“It can be quite haphazard,” said Zhou Xun, a historian of modern China at the University of Essex in England. “A perfect plan on paper often turns into makeshift solutions locally.”

    Officials seem to recognize that some local authorities have gone too far. This month, Chen Guangsheng, the deputy secretary-general of Zhejiang’s provincial government, called it “inappropriate” that some places had employed “simple and crude practices,” like locking people into their homes, to enforce quarantines.

    National officials on Saturday urged towns and villages to remove unnecessary roadblocks and ensure the smooth transport of food and supplies.

    Zhang Yingzi’s apartment complex in Hangzhou initially forbade anybody who had been out of town from entering. Later, the ban was adjusted to cover only people coming from Hubei province and the Zhejiang cities of Wenzhou and Taizhou, both of which have had many cases of the new virus.

    “Banning everyone from out of town wasn’t realistic,” said Zhang, 29, an accountant. “There are so many of them, after all. Some needed to come back for work.”

    Still, many in China are uneasy about loosening up virus controls too quickly.

    Zhang Shu, 27, worries that her parents and neighbors are becoming cavalier about the virus, even as workers drive around her village near Wenzhou with loudspeakers telling people to stay home.

    “Ordinary people are slowly starting to feel that the situation isn’t so horrible anymore,” she said. “They are restless.”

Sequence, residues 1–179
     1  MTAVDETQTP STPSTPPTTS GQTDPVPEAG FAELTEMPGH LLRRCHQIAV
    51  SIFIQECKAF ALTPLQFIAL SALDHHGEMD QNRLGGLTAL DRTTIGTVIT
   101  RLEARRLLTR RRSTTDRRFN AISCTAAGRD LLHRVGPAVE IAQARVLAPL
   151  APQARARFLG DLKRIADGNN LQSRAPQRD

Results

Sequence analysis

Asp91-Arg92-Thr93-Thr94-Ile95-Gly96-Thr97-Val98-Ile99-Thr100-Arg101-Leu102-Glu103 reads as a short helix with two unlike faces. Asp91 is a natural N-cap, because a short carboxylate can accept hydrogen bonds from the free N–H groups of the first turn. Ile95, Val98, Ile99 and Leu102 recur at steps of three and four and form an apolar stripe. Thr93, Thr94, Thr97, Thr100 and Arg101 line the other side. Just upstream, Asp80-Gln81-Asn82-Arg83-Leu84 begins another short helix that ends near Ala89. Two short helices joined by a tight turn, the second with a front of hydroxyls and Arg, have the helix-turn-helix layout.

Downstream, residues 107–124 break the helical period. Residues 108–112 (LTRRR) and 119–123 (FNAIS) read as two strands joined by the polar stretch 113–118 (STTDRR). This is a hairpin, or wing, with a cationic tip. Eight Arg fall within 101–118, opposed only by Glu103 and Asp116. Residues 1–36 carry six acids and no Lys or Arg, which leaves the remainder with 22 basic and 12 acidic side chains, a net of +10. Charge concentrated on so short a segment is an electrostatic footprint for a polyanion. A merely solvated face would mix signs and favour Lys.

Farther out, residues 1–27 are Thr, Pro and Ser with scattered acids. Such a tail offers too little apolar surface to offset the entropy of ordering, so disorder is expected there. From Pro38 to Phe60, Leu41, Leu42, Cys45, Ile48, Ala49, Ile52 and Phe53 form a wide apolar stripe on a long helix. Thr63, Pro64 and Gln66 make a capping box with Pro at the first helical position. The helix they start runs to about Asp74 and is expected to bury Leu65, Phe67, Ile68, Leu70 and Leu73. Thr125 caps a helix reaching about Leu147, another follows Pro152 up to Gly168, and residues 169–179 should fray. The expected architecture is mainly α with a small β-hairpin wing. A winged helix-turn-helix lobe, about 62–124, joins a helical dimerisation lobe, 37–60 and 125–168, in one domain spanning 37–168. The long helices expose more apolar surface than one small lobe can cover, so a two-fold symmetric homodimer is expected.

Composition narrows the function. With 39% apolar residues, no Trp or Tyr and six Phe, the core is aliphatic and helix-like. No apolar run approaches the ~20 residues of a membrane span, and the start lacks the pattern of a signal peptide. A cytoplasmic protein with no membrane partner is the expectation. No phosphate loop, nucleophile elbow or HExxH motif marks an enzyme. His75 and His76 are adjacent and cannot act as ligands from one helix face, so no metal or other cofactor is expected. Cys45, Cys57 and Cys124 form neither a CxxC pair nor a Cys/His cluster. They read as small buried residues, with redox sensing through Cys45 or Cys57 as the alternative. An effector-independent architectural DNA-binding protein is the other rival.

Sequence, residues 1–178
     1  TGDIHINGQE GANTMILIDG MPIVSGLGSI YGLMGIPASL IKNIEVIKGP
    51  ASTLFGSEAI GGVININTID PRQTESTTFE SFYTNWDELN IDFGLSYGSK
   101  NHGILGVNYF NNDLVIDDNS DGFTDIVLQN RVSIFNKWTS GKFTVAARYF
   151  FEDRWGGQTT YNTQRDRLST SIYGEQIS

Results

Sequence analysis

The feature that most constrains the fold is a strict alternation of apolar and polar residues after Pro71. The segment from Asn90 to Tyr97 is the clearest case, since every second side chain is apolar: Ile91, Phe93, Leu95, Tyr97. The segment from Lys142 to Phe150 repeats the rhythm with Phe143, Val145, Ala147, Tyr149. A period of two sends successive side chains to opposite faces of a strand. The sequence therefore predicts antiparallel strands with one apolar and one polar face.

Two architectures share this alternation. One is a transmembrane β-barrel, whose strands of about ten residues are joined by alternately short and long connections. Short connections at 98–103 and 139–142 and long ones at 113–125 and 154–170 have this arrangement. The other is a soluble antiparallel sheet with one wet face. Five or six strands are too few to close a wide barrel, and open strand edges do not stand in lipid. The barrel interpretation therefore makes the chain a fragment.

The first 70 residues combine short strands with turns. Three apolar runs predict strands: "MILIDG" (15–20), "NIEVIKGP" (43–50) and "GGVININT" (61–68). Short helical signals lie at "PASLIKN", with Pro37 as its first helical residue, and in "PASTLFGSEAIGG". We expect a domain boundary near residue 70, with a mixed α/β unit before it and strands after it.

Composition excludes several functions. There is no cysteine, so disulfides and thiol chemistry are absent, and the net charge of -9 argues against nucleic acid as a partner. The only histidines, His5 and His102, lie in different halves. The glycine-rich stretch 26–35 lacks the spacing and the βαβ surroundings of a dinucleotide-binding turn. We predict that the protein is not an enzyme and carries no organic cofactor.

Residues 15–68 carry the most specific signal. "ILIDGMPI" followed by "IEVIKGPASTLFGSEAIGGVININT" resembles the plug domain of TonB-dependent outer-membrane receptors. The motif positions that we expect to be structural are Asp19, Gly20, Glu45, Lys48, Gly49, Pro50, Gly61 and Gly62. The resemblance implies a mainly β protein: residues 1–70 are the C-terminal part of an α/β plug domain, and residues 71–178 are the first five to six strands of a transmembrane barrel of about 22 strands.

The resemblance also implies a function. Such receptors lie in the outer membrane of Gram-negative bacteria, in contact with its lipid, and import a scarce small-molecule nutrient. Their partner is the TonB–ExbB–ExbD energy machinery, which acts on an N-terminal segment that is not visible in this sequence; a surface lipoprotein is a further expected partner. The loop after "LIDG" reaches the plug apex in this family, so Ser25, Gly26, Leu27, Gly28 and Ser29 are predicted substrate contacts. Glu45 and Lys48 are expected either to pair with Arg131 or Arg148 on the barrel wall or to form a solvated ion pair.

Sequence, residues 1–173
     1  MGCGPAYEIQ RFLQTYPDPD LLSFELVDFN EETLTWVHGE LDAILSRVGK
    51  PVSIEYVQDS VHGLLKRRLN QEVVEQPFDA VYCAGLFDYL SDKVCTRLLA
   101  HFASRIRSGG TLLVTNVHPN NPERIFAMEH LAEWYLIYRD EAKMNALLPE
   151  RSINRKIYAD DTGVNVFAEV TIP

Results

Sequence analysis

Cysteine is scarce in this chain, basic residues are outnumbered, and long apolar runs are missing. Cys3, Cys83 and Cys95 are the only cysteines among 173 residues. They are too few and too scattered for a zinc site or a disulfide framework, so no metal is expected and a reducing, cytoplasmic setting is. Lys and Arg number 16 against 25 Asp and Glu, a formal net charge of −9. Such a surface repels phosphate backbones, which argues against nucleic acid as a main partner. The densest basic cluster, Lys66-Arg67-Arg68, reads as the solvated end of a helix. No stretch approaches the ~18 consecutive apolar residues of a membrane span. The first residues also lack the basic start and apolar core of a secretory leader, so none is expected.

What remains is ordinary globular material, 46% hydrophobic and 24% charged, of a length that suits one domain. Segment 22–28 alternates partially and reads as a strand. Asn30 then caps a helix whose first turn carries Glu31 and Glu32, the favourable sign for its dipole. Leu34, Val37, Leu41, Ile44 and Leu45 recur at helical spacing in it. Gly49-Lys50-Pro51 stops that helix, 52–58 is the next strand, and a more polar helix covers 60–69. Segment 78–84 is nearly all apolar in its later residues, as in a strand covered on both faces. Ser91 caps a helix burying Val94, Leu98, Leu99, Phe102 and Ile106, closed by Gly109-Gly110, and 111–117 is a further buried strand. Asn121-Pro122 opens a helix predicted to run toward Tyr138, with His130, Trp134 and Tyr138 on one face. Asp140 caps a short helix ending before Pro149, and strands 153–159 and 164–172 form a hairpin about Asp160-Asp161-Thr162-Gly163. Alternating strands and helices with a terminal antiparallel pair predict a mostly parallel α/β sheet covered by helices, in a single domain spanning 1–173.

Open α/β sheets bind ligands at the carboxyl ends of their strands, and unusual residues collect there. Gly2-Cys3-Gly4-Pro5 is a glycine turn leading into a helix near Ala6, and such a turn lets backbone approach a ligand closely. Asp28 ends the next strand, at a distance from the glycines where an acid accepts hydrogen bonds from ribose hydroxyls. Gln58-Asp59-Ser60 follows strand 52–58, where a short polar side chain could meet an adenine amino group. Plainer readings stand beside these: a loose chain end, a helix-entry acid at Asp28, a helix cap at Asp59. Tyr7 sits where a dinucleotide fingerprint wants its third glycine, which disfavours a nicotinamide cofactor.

13. lcafanboy

    lcafanboy Senior Member Senior Member

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    300000000000000000000000000
     
  14. rockdog

    rockdog Regular Member

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    People trap at home for 25 days and getting bored, a girl just plays kung-fu while throw the trash.





    She is so hot.
     
  15. Deathstar

    Deathstar Senior Member Senior Member

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    Do u know origins of Shaolin Kungfu? Do read about Bodhidharma. You will amazed to see the relations between ancient Indian and Chinese civilization
     
  16. rockdog

    rockdog Regular Member

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    Yes, the founder of Shaolin Template is an Indian, travelled from acient India to mid China.

    But this girl is playing Kungfu from E-mei, a Taoism branch.
     
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  17. likewise1129

    likewise1129 Regular Member